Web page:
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From sex education to alcohol sales and minority languages, Bela Bill gets roasted

From sex education to alcohol sales and minority languages, Bela Bill gets roasted
Chairperson of the Gauteng Portfolio Committee on Education Tshilidzi Munyai. (Photo: People’s Assembly)

Chairperson of the Gauteng Portfolio Committee on Education Tshilidzi Munyai had his hands full calming down people who were angry about some of the more controversial clauses in the Bela Bill.

Emotions ran high when community members submitted their views on the Basic Education Laws Amendment (Bela) Bill during a public hearing in Randfontein on Monday.

A member of the EFF told those gathered at the Randfontein Local Municipality Hall that black people who do not support Bela are “sell-outs”, while a pastor remarked that it was “nonsensical” to expect poor communities to register their children for Grade R classes online.

EFF and ANC members were in support of the Bill at the event, the second leg of public hearings on the Bill in Gauteng. The first leg was held at Uncle Tom’s Community Centre in Orlando on Friday.

Gauteng MPL Tshilidzi Munyai, who chairs the provincial portfolio committee on education, is expected to hold a third session at Sam Hlalele Community Centre Main Hall in Tembisa on Wednesday, 28 February.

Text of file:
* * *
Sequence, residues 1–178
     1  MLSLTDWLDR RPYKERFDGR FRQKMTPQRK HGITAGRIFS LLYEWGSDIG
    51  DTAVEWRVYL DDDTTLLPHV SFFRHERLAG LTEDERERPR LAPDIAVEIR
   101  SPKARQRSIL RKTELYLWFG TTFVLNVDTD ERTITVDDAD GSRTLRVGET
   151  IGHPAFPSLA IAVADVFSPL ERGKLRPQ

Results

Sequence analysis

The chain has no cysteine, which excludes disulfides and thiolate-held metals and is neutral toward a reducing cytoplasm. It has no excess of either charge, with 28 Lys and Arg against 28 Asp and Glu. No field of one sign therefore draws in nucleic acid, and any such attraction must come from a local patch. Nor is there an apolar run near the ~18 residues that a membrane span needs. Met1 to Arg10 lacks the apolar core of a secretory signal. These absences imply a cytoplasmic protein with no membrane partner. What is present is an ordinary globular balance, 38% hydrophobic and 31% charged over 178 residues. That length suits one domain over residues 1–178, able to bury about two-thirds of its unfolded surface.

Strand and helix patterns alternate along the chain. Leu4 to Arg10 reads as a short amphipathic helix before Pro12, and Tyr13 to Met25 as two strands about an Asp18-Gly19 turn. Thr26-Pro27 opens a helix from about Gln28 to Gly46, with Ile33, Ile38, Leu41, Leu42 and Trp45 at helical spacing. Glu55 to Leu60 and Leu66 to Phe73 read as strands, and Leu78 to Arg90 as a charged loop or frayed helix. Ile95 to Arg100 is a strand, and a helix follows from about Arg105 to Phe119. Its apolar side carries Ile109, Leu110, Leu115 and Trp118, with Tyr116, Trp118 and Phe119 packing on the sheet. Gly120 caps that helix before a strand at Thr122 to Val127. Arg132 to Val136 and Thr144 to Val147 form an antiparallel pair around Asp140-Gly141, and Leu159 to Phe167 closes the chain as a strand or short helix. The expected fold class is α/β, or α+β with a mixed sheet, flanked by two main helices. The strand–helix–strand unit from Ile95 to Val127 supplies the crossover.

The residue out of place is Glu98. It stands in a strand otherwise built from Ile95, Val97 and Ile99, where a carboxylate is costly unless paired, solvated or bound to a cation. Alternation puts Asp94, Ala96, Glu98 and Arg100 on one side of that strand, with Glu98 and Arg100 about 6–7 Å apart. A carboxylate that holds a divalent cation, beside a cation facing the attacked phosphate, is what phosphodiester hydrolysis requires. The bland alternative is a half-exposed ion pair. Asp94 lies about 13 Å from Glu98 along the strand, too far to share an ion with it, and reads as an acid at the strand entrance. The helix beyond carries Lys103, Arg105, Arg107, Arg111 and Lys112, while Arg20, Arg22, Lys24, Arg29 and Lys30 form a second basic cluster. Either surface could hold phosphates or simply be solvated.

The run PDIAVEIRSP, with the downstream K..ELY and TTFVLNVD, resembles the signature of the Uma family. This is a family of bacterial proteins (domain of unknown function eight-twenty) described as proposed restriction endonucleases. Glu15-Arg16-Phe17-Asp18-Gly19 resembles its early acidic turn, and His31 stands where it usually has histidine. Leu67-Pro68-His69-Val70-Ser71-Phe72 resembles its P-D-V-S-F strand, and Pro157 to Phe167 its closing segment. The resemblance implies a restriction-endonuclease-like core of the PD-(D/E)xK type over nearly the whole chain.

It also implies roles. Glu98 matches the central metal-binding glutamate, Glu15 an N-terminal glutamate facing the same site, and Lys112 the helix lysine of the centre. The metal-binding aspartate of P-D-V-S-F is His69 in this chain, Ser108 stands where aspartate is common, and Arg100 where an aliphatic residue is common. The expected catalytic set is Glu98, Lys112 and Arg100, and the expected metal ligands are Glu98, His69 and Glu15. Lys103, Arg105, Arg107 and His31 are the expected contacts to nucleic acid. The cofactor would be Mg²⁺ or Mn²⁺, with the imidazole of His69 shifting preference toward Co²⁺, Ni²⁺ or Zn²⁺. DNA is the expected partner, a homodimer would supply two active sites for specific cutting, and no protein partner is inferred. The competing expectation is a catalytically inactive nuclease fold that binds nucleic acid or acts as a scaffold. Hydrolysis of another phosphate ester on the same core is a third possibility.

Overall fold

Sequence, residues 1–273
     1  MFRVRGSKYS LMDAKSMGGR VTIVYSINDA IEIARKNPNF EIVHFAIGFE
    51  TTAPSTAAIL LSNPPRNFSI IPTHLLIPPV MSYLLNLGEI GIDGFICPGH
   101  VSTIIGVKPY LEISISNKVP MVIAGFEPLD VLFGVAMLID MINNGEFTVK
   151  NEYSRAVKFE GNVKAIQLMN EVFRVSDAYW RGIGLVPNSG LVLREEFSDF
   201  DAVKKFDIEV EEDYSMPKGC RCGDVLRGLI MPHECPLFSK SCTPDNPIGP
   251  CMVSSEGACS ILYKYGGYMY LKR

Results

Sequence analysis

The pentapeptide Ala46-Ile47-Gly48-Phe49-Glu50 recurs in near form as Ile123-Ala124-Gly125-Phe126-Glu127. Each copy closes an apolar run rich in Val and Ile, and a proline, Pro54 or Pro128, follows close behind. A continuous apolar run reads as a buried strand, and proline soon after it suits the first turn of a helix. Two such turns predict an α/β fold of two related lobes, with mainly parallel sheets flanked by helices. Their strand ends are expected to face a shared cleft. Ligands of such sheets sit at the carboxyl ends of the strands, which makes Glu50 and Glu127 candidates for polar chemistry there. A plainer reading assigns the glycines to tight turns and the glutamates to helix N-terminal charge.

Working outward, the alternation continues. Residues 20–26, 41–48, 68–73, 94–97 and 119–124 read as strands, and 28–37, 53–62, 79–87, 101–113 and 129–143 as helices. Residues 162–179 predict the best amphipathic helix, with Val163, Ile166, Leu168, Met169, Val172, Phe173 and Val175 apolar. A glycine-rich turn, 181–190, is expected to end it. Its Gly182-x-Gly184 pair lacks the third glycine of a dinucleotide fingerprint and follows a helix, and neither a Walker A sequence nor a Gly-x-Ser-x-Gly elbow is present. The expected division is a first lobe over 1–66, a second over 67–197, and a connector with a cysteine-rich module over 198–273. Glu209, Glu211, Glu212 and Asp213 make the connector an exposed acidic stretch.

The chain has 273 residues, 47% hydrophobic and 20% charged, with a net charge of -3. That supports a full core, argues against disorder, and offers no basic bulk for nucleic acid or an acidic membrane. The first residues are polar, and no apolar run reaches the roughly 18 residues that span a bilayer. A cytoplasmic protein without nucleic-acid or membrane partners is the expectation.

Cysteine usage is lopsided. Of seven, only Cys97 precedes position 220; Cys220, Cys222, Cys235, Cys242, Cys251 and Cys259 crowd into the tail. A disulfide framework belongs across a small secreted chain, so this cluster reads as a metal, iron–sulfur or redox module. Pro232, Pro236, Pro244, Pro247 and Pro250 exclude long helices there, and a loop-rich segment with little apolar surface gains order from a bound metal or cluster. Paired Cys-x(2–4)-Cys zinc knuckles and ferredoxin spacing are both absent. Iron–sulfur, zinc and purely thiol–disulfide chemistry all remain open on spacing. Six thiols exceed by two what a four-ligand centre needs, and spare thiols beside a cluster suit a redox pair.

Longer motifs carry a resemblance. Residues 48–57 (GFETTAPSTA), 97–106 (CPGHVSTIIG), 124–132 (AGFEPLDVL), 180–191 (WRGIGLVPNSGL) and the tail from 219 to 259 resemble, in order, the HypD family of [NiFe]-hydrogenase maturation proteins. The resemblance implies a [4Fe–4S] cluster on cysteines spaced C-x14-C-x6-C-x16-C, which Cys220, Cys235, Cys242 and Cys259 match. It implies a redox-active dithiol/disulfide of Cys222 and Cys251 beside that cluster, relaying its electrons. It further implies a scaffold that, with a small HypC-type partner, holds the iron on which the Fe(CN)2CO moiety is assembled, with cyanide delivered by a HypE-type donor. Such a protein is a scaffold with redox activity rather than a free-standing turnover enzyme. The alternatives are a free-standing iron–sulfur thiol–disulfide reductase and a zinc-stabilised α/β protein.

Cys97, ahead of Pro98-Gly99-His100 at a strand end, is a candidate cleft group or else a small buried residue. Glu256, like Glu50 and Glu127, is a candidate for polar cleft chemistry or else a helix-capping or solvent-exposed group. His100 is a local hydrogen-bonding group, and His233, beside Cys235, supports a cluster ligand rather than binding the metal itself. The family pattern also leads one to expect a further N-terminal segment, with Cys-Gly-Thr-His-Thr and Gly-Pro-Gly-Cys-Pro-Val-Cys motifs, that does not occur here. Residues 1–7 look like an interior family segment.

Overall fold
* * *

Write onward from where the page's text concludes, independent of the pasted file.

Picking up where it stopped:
This will be followed by another session at the Falala Community Hall in Soshanguve on Friday, 1 March.

Bela Bill hearings are scheduled to be finalised at the end of March, with the National Council of Province’s Select Committee on Education and Technology, Sports, Arts and Culture adopting the report.

Read more in Daily Maverick: Drama in Parliament as DA and ACDP MPs walk out of Bela Act draft report deliberations

This comes after a similar process was conducted by the Basic Education Portfolio Committee, which adopted the Bela Bill report despite threats by the DA to challenge the process.

There was a long queue of people who wanted to make their voices heard when Daily Maverick arrived at the packed Randfontein hall at around midday on Monday. Documents summarising Bela Bill clauses were circulated to the crowd.

Concerned parent Tshepo Mtshiwana was unhappy that the document was thin on detail, comprising only 21 pages. He said Munyai’s committee had failed to provide detailed documents that would enable communities to make effective contributions.

“This whole process is a farce. It is not properly conducted. Other clauses are ambiguous,” Mtshiwana said. He said the Bill did not address pertinent issues facing communities such as the sale of alcohol near schools.  

“I’m rejecting this Bill. There is nothing here that addresses that.”

Chris Tshebe, who introduced himself as a leader and pastor, said he rejected the bill “in its entirety”. He said a clause referring to sex education was a proposal from “people from hell”.

He said parents were being punished by the government. “It looks like the leaders we elect are taking the law into their own hands. You want to be our parents. You make laws that suit you. We elect you to represent us,” Tshebe said.